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Friday, March 5, 2010

Review: Little Invisibles - Closer

Little Invisibles - Closer
2009, Little Invisibles

Gina Degnars has been a fixture on the New York and Philadelphia music scenes for a number of years (as well as her native Delaware). The songstress, who studied at Boston's Berklee School Of Music, released an album with her prior band, Stygian Veil back in 2001 (Poison Berries), but has continued to create wonderfully dark and textured piano-based Alt-Rock over the years. In 2009, Degnars was ready for a transition, incorporating more distinctly Pop melodies and electronic beats in her music. This change led to the formation of Little Invisibles, and the release of the band's debut EP, Closer. Preferring minor keys and human frailty to the shallow happiness of modern pop or the cynical boredom of most alt-Rock, Degnars climbs through her existential musical angst to generally find the element of hope that drives us all.

Closer opens with the urgent exhortation of Breathless. The song is part fascination and part mourning; the singer still finds her other enthralling but the feeling is no longer reciprocated. The musical canvas gives a desolate, lost feel, and tension in the vocal line is wholly palpable. What Once Was explores the aftermath of a relationship while still yearning for what was. The emotions here are raw and compelling, and earnestly represented in the stark nature of the instrumentation. Gina Degnar's yearning, mournful voice is full of tragic beauty, emoting both the passion and frustration that drive the song. Not One Of You is highly reminiscent of some of Tori Amos' more emotional mid-career musical ramblings; a performance that appears ready to come across at the emotional seams at a moment's notice but never disintegrates. Little Invisibles closes with Headrush, with Lance Davis providing Bono-esque vocals alongside Degnars in a starkly beautiful performance that's enthralling and more than a little disturbing.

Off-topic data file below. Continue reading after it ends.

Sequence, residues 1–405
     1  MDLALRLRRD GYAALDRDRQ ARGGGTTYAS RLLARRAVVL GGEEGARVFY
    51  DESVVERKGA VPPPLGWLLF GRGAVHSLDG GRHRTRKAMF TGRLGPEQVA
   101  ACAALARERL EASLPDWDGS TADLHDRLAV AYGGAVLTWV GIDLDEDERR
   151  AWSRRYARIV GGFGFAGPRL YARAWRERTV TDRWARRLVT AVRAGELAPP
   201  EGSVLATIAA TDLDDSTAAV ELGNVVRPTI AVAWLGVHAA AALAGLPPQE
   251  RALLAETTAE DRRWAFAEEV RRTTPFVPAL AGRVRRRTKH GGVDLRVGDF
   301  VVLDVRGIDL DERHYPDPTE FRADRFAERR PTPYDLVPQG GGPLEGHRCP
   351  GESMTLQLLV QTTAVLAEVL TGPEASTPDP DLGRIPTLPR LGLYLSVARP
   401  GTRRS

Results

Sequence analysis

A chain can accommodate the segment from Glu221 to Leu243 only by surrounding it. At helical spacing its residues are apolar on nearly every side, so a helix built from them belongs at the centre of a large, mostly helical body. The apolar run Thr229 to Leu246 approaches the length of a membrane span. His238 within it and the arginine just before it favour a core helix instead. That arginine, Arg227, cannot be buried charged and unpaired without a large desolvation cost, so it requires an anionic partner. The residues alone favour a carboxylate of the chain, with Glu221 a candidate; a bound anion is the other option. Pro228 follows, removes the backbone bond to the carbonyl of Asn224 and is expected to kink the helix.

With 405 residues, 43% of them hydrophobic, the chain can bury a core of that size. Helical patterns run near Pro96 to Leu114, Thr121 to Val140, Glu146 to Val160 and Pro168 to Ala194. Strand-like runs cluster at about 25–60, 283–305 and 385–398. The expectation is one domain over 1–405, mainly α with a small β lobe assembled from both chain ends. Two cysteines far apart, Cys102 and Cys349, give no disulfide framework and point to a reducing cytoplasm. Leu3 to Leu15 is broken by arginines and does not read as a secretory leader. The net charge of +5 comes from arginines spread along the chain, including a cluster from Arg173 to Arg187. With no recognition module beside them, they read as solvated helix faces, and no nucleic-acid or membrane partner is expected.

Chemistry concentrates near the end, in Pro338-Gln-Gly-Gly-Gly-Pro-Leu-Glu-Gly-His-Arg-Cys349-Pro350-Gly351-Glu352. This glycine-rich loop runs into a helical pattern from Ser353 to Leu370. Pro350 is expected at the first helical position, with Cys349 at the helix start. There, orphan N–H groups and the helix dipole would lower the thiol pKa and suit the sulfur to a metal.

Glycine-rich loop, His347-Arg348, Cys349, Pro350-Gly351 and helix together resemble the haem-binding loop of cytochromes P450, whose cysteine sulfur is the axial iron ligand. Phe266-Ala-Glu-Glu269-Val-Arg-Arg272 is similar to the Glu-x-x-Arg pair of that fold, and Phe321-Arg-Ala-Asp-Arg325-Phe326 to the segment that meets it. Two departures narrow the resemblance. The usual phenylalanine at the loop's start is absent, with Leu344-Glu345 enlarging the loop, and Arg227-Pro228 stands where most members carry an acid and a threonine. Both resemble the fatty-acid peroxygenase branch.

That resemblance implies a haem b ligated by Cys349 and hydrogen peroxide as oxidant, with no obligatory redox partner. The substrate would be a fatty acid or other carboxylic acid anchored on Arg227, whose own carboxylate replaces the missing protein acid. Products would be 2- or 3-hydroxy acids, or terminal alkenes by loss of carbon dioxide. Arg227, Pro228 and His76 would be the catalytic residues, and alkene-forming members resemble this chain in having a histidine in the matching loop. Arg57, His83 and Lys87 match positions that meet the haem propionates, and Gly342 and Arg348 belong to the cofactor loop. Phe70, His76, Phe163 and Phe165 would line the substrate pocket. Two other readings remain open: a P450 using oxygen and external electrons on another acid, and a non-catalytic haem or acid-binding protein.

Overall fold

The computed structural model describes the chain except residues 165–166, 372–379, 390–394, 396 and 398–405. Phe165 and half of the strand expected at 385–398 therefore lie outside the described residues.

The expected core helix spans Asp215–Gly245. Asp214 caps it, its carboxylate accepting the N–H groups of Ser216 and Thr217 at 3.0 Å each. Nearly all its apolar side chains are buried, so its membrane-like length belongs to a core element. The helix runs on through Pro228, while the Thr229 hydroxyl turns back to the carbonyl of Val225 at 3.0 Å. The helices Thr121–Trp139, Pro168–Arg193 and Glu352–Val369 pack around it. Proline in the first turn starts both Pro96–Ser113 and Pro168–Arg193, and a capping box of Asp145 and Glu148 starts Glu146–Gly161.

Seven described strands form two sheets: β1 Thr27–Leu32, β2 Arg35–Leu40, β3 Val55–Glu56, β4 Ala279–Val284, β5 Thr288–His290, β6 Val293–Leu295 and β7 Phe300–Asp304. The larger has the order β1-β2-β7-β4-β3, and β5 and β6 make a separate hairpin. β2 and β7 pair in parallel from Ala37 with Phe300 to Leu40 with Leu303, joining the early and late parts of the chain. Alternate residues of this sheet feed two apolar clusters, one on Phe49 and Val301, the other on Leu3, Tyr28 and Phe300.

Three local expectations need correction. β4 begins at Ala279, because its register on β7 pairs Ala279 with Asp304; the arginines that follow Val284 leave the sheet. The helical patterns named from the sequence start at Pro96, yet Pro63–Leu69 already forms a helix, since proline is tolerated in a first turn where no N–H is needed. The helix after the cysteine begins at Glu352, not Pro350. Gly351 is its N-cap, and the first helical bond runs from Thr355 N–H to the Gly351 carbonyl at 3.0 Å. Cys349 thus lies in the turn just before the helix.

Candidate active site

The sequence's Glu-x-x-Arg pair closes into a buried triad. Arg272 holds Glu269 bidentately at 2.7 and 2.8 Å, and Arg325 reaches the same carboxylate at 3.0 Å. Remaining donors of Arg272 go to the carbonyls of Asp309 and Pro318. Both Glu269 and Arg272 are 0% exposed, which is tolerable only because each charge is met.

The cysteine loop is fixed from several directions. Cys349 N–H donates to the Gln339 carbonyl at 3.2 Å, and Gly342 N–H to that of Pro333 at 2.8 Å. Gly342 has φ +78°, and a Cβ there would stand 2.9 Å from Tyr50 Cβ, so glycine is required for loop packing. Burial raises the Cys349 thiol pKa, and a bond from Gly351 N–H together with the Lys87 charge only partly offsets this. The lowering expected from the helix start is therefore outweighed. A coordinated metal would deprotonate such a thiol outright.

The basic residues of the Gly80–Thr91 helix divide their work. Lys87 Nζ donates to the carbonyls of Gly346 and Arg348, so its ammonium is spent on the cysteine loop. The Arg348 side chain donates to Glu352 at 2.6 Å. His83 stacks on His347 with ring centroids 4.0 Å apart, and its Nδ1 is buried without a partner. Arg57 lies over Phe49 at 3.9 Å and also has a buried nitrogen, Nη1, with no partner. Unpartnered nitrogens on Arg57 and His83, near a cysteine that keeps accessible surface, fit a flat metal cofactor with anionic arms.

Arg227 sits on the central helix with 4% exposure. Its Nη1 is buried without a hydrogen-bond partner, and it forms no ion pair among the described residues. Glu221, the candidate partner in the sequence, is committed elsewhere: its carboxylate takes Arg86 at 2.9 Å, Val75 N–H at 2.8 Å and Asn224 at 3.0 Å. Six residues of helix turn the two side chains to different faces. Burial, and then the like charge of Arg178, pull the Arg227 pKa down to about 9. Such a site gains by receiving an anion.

Gina Degnar's dark side drives the music on Closer; a diluvial outpouring of mixed emotion and angst against esoteric, keyboard-driven compositions. Degnars falls somewhere in the triangle between Tori Amos, Kate Bush and Bjork vocally, drawing a lonely strength from a sublime combination of vulnerability and certainty. Closer is probably destined to be under-appreciated in light of current mores, and unfortunately so. Degnars is a singular talent as both a writer and performer, and Little Invisibles coalesce nicely around the dark clouds of her muse.

Rating: 3.5 Stars (Out of 5)

You can learn more about Little Invisibles at or, where you can purchase a copy of Closer on CD. Downloads are available through iTunes.

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